Where the Indians had not taken even a game off the top-seeded Thai pair of Dechapol Puavaranukroh and Sapsiree Taerattanachai in four earlier meetings, they ran the local hopes ragged until 11-12 in the third and deciding game, after which they collapsed in a plethora of mistakes, no doubt due to the physical and mental fatigue experienced by Rankireddy after playing two tough matches each day.

Rankireddy should remember that the Chinese and Japanese contingents were missing in both Thailand Open tournaments; and the going in the mixed doubles will get even tougher when they return to the fray. His progress in the men’s doubles in partnership with the 23-year-old Shetty has been smooth; and the two would have a very real chance of making it to the very top if the younger partner decides to sharpen his focus on this event at the expense of the other.

While Rankireddy and Shetty showed their mental strength by winning four games over the extra points in their first three rounds, Sameer Verma suffered the heartbreak of having to accept defeat after leading match-point 20-19 in the quarter-finals against the third seed and 2019 World Championship runner-up, Anders Antonsen of Denmark.

The battling Verma had saved as many as seven match-points in his opening round against eighth-seeded Lee Zii Jia of Malaysia, and ended up on the right side of a 27-25 decision in the second game, after he had lost the first. That 74-minute 18-21, 27-25, 21-19 victory showed Verma’s ability to keep fighting, and maintain his composure even after seeing a 20-16 third-game lead being whittled down to 20-19.

The Indian had a brilliant 21-12, 21-9 triumph in the second round against the dangerous Dane, Rasmus Gemke, seen by many as a future world-beater. He had the chance of a lifetime against Antonsen, who has recovered recently from a bout of COVID-19 , and seemed to lack the strength to go the full distance. Sameer, however, could not close out the match, though he did a massive favour to 35-year-old Danish veteran, Hans Kristian Solberg Vittinghus, who found the stiff, sore and short-of-breath Antonsen easy meat on the day of the semi-finals.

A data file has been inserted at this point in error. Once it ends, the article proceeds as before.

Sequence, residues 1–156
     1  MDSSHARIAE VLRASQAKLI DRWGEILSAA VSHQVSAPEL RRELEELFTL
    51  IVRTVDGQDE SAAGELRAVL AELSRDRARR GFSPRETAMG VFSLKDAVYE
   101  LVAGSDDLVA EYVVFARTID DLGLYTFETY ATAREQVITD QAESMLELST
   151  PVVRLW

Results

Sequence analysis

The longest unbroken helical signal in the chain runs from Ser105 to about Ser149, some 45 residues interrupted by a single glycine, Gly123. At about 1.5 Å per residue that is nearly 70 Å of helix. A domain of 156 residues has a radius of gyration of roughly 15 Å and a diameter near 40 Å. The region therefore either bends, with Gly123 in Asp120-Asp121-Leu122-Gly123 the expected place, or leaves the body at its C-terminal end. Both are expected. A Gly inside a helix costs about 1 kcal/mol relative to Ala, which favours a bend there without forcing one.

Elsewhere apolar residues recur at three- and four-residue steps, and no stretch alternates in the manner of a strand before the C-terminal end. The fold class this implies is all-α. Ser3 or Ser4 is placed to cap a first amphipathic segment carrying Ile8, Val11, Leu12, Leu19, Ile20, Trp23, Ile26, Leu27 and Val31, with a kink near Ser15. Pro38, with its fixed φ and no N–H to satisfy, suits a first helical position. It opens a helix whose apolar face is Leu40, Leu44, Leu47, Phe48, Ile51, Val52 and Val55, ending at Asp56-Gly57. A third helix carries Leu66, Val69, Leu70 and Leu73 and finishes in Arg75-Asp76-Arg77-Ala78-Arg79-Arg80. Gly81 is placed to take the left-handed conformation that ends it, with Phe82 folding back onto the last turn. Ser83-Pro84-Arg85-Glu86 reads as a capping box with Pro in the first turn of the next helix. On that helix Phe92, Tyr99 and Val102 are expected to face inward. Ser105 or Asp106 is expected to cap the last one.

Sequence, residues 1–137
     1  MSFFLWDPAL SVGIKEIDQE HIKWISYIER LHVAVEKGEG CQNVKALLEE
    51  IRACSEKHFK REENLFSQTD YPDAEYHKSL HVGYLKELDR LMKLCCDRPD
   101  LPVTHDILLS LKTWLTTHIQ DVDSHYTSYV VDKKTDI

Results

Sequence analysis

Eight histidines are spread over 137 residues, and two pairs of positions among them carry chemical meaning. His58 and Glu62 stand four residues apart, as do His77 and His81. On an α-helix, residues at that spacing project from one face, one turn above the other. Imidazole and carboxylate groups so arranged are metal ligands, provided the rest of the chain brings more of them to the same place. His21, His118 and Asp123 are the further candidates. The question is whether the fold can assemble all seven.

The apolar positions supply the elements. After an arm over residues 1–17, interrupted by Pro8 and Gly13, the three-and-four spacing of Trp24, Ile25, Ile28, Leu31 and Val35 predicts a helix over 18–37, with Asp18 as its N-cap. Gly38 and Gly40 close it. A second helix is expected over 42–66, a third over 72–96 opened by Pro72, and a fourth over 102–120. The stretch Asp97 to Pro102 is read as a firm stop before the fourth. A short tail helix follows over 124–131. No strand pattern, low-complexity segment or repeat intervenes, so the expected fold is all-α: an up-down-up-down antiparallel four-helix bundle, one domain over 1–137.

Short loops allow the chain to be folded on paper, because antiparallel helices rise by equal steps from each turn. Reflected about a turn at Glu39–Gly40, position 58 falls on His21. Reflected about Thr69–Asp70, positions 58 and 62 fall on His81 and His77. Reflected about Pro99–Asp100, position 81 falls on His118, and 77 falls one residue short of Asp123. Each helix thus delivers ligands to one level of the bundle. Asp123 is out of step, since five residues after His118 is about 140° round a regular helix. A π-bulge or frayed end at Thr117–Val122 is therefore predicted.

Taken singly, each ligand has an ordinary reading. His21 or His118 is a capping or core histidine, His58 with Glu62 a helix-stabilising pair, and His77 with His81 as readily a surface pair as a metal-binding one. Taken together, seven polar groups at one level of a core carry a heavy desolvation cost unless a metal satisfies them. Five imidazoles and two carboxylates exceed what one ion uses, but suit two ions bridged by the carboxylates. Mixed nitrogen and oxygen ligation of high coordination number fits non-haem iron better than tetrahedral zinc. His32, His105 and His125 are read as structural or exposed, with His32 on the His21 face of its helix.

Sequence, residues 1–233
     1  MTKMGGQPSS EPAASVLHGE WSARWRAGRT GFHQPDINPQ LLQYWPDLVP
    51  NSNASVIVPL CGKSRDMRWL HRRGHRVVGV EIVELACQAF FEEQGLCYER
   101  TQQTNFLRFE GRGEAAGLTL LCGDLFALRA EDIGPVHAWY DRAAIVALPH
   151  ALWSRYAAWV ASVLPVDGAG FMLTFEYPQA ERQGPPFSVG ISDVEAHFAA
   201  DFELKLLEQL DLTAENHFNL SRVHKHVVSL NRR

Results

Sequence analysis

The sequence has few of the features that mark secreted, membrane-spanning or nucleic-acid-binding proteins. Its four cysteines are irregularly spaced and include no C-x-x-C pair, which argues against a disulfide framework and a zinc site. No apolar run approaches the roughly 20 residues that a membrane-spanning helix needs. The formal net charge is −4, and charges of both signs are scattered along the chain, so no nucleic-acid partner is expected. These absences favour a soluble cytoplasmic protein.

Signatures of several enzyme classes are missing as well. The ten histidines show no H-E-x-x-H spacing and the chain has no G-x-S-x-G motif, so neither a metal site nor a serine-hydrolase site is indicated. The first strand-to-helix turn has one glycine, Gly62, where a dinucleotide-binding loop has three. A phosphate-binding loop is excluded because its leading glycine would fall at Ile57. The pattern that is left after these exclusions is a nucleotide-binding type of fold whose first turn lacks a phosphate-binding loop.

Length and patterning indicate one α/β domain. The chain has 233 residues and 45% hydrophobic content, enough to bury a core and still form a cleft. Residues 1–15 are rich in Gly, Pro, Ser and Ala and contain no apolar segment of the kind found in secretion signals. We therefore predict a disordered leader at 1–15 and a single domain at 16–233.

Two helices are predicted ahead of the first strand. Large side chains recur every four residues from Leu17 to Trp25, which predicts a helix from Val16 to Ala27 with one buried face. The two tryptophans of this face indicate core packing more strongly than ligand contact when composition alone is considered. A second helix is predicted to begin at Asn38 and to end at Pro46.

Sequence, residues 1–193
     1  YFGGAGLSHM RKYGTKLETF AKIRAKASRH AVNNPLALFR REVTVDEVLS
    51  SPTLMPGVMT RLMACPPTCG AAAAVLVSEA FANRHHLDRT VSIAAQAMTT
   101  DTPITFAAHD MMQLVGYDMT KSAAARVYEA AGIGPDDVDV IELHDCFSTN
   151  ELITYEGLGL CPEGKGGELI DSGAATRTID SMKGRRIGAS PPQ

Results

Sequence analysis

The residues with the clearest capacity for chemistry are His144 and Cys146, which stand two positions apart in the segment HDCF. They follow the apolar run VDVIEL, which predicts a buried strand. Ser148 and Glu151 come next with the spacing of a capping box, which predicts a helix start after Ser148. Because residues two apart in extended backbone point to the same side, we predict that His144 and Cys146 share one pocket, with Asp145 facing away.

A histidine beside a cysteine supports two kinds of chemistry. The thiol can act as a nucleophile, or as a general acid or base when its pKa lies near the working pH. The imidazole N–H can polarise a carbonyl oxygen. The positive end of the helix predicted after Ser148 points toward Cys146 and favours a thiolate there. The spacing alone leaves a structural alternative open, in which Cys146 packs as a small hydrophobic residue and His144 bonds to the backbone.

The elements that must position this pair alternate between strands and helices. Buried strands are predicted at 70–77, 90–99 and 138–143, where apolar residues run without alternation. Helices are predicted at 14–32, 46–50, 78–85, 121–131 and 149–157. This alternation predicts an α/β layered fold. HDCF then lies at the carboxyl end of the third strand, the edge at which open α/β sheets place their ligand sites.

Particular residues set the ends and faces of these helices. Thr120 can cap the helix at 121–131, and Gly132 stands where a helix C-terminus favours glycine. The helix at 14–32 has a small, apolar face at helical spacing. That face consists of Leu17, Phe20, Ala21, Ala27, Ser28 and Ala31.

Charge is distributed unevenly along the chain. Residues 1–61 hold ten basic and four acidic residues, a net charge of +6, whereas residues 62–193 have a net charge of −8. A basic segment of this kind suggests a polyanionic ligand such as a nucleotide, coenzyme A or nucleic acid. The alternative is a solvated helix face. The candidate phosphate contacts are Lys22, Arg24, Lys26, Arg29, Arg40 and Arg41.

Verma’s fighting performance was in stark contrast to the showing of Sindhu and Saina, both of whom submitted meekly to the same opponent, local hope Ratchanok Intanon, in the first round and quarter-final, respectively. Saina, who has recently recovered from COVID-19 in much the same manner as Antonsen, had nothing left in the tank in the second game against the fourth-seeded Thai, and succumbed at 17-21, 8-21, even as the course of the eagerly anticipated Intanon-Sindhu match followed a similar pattern (13-21, 9-21).

A far better showing had been expected of Sindhu, who had won two rounds with consummate ease, in the process knocking out the player who had accounted for Saina a week earlier in the Yonex Thailand Open – Busanan Ongbamrungphan. The sixth-seeded Sindhu beat the Thai World No. 12 at 21-17, 21-13, and then easily knocked out Malaysian Kisona Selvaduray, who had been promoted from the reserves, and whom Saina had beaten in the first round of the earlier competition.

The lack of footspeed and poor body language that the reigning world champion displayed in the quarter-final against the 2013 world champion from the host nation boded ill for her chances at the World Tour grand finals, scheduled to start at the same venue from Wednesday, 27th January. On this showing, it will need a miracle for Sindhu to win two of her three group matches, to at least make the semi-finals of the event she sensationally won in 2018.

“I think, at present, both Sindhu and Saina are way below their standards,” says Vimal Kumar, chief coach of the Dravid Padukone Centre for Excellence in Bangalore. “For Saina, it will be a tough climb back, as she is not in any shape to play at this level at present. Sindhu’s problem has nothing to do with training; she just needs some good off-court counseling, and I am sure she can then find her way back soon. The earliest she can devote time for it will help in getting her back to where she belongs.”